Are You Kid-ing Me?

‘Are you kid-ing me?’ is an exceptionally funny play written by Keely Molony, a Curtin University graduate with a degree in creative writing and visual design. This play was written for FRINGE 2020 and is presented by a talented rabble of Curtin theatre students, Un/BALANCED Kháos.

How often does one see a puerile Fringe show that has been flung together just so the actors can get their names on this year’s programme? Every year there are some appalling scripts and many under rehearsed actors. However – hallelujah – this hour-long show that has curtain up at 7.00 pm, is fast paced, superbly presented and hilarious. The short season is at Lazy Susan’s, above the Brisbane Hotel, Beaufort Street, North Perth finishes very soon.

The scene: a brick walled, café courtyard. The set: A low stage is about 30 cms above floor level. There are some tiered auditorium seats.

The set is a bare pink brick wall that represents an enclosed café patio. There are a couple of melamine tables and café chairs.

The lighting and sound design are by Calum Christie.

Two friends, Hayden (Ethan Milne) and Elliot (Cait Griffiths) sleep in the same bed – but purely for convenience! They have decided to form a company of entertainers for children’s parties and have asked anyone who is especially talented to come to the café’s courtyard to be interviewed and for an audition. The couple are shown to their table by an enthusiastic singing waiter (Christian Dichiera) and his mentally vacant handyman friend, Brock (J. Mutta’ Beilby). As the waiter set the table, Gwyneth (Alex Hutchings) a man with a spliff behind each ear, floated into the café on a chemical trip. Two young women Cassie (Amber Anderson) and Jodi (Emily Bell) explain how they have been to many parties, each treating the children and adults with their own speciality. Regularly, from the back of the room came advice from their good friend Chris (Calum Christie). Then Jungle Julien (Travis Koch) entered, a real outback character that can handle any Aussie creature, except scorpions, one of which was soon found by smartly dressed Noah (Samuel Addison). The dramas and panic continue as another half dozen weirdos call for auditions.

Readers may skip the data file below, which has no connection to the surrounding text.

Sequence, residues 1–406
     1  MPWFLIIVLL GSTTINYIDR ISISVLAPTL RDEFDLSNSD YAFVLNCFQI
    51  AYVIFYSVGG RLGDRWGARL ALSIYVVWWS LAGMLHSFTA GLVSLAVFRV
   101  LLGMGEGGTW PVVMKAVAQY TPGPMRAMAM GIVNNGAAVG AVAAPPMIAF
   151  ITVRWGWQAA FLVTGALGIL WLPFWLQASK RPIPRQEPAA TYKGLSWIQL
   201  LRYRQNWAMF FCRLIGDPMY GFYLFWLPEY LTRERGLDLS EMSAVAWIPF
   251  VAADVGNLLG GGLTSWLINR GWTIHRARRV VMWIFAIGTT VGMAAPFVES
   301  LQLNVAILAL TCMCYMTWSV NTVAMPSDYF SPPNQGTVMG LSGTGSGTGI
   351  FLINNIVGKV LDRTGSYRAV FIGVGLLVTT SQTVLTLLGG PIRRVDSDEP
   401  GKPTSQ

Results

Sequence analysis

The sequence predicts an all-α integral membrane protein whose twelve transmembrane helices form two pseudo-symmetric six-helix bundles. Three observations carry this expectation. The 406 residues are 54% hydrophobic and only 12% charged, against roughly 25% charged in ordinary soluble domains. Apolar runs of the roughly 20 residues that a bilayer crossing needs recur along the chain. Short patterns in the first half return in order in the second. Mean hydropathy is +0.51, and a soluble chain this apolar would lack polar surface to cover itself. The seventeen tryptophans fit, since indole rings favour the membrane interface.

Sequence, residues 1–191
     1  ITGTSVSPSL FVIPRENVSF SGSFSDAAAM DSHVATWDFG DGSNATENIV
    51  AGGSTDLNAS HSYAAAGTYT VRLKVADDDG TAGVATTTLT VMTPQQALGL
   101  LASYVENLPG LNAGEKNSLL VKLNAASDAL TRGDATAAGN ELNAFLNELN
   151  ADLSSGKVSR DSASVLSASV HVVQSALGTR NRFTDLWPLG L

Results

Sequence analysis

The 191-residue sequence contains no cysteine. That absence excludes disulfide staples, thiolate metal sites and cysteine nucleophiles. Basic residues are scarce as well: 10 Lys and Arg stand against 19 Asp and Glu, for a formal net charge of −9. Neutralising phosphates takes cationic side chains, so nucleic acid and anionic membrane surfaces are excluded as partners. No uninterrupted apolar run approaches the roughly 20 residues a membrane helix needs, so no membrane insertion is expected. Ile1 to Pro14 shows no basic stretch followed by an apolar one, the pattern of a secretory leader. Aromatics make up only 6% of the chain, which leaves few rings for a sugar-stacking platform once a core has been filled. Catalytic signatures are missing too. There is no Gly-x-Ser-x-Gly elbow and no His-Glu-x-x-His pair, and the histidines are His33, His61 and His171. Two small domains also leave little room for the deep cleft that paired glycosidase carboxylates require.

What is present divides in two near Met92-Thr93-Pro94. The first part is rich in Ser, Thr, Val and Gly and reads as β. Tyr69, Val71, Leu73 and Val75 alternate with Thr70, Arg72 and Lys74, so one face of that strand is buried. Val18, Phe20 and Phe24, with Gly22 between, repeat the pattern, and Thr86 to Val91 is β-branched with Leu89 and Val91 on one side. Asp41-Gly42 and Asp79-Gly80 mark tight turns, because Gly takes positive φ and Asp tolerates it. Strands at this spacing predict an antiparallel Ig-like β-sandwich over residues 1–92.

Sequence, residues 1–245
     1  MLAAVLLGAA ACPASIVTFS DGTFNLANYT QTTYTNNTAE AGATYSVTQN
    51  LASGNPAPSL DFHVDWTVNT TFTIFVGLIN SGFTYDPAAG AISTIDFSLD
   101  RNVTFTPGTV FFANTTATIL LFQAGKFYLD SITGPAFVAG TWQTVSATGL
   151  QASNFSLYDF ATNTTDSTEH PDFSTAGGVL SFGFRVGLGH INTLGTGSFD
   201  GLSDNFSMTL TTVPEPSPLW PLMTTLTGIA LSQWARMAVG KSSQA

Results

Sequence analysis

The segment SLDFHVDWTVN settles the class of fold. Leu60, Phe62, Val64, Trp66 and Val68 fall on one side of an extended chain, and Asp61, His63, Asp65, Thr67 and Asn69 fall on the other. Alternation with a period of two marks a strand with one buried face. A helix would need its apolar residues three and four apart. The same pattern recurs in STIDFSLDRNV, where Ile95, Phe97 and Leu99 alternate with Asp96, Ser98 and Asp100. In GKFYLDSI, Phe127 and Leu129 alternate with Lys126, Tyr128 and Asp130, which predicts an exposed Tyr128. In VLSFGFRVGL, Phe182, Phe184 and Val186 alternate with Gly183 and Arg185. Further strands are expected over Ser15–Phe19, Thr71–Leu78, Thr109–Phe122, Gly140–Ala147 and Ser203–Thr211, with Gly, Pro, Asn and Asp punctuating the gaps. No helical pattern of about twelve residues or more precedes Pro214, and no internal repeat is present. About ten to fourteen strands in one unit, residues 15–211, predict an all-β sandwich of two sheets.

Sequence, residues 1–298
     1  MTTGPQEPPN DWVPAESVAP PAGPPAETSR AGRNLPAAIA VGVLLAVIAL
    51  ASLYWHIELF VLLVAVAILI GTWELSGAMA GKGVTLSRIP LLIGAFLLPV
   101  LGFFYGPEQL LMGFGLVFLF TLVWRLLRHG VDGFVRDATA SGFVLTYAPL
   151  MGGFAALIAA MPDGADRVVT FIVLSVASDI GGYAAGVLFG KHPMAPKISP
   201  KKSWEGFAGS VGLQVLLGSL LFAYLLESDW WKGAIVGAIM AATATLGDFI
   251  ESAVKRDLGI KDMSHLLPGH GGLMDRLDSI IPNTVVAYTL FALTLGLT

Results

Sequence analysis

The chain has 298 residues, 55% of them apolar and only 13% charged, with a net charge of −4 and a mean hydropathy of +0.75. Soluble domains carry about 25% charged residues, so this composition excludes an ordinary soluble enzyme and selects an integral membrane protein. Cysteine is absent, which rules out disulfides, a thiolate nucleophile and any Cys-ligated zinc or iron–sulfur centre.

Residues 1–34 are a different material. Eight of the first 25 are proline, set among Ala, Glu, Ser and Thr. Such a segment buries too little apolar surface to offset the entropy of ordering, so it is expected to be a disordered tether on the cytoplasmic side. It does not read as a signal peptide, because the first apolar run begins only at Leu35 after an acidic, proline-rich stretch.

The writer, Keely Molony was also the director, often a risky business, but in this case she succeeded magnificently. By using several entry points around the auditorium, the next character would be entering whilst the previous left. This kept the pace cracking along at an unrelenting pace. The madcap storyline was well conceived and the characters – some actors played several parts – instantly recognisable. With Keely’s top-rate direction, her wacky but superbly constructed dialogue came to life. Cait and Ethan were on stage for almost the whole show, never faltering as they coped with the chaotic events, all delivered straight-faced. This was one of the funniest shows that I have seen in years. Every cast member was most credible and gave their performances with amazing skill. HILARIOUS.